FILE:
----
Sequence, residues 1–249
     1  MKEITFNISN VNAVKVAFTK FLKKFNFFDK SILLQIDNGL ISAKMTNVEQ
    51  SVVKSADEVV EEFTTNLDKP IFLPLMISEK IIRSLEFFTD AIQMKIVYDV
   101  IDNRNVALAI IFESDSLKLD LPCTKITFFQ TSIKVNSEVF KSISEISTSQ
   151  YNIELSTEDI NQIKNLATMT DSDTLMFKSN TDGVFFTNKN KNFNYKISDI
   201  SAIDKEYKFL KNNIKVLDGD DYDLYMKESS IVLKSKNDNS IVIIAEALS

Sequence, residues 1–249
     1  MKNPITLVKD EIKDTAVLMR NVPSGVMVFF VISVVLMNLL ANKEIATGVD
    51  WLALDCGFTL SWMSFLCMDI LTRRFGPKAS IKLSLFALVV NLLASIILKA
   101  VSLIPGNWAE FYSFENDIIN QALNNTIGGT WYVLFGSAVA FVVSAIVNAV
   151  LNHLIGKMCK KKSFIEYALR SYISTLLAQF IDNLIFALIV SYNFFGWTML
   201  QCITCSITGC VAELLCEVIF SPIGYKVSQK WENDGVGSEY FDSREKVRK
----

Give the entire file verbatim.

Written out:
Sequence, residues 1–249
     1  MKEITFNISN VNAVKVAFTK FLKKFNFFDK SILLQIDNGL ISAKMTNVEQ
    51  SVVKSADEVV EEFTTNLDKP IFLPLMISEK IIRSLEFFTD AIQMKIVYDV
   101  IDNRNVALAI IFESDSLKLD LPCTKITFFQ TSIKVNSEVF KSISEISTSQ
   151  YNIELSTEDI NQIKNLATMT DSDTLMFKSN TDGVFFTNKN KNFNYKISDI
   201  SAIDKEYKFL KNNIKVLDGD DYDLYMKESS IVLKSKNDNS IVIIAEALS

Sequence, residues 1–249
     1  MKNPITLVKD EIKDTAVLMR NVPSGVMVFF VISVVLMNLL ANKEIATGVD
    51  WLALDCGFTL SWMSFLCMDI LTRRFGPKAS IKLSLFALVV NLLASIILKA
   101  VSLIPGNWAE FYSFENDIIN QALNNTIGGT WYVLFGSAVA FVVSAIVNAV
   151  LNHLIGKMCK KKSFIEYALR SYISTLLAQF IDNLIFALIV SYNFFGWTML
   201  QCITCSITGC VAELLCEVIF SPIGYKVSQK WENDGVGSEY FDSREKVRK